Get Task & Purpose in your inbox
The Military Wants To Make Bases More Walkable Because Vehicles Are For The Weak
As Syria heats up, the Gulf states get snippy, and North Korea keeps lobbing rockets, the Department of Defense’s top military planners are doing what they always do: reviewing maps, rehearsing routes in their heads, planning to engineer new paths and obstacles, and trying to anticipate where resistance will come from.
Their objective: to make you move around more, you lazy fatbodies.
The Atlantic’s CityLab took a deep dive into how the Pentagon is using “active design” trends in urban planning to make its military bases more amenable to walking, running, biking, and generally not being an unsat dirtbag.
The “Healthy Base Initiative” isn’t new — the Pentagon’s implemented it on 14 installations since 2014 — but in addition to improving healthy food choices on post, DoD planners are also looking for “quick micro-changes” to base infrastructure and family accommodations to encourage active lifestyles, like bike shares, healthy food trucks, and more walking trails.
“Our installations were built for the automobile,” Ed Miles, the Pentagon’s director of strategy and innovation for military community and family policy, told City Lab. “They weren’t built for walking, for biking.” But military bases have one advantage: They’re islands unto themselves, making them great places to experiment with infrastructural tweaks.
What does all that mean to Cpl. Schmuckatelli, though? Here are some examples of the base fixes you could see someday:
- “Signs encouraging people to take the stairs.” But if an officer or senior NCO’s behind you in the hallway, you were probably gonna take those stairs, anyway.
- “Family fitness centers that provide child care while adults exercise.” This is awesome. Kids make you fat. It isn’t their fault (not entirely, anyway), but being able to stash the lovable snotmakers somewhere while we do our daily burpees is really all anyone can ask, ever.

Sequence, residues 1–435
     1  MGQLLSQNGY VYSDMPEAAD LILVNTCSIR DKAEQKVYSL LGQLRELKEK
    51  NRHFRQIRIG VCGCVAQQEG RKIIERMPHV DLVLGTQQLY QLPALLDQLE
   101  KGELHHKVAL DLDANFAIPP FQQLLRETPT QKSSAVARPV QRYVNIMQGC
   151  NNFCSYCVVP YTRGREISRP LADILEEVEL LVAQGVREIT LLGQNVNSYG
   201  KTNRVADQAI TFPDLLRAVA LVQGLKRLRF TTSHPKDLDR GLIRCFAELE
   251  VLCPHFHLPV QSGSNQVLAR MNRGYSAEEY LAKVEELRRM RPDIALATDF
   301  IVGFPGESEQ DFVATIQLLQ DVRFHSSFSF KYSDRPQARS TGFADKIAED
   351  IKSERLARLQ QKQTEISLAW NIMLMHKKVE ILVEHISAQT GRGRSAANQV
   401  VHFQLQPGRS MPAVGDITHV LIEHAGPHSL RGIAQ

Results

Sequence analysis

- “A bike-share program” financed with “discretionary commander’s funds.” Apparently, this worked out great at Ft. Belvoir in northern Virginia — “Guys were lined up at lunch for the bikes,” Miles said — but consistent funding is a problem. You can’t expect every base commander to give up his soiree money just to improve service members’’ quality of life, natch.
- “Farmers’ markets.” I think this should be a part of military life, and of garrison training: Your CSA has issued you a box of kale, bok choy, radishes, cantaloupe, and avocadoes. Your mission is to make personal provisions out of them. If you can jury-rig a field office in a container box, you can improvise a healthy lunch.
- “Sidewalks, bike lanes, and commercial centers.” An interesting objection to these ideas that CityLab didn’t raise: Driving on base, rather than walking, cuts down on having to salute as much. I’m 50/50 on this one.
- “Food trucks with nutritious options.” This is a two-part idea. One aspect involves distributing food services all over a base rather than in a single central mall/food court/PX area — again, imagine being able to walk 3 minutes for chow instead of driving 10 minutes. The other idea is to offer healthy choices, but I have never seen a food truck that serves healthy food. Isn’t wonderful hot grease the main draw of food trucks?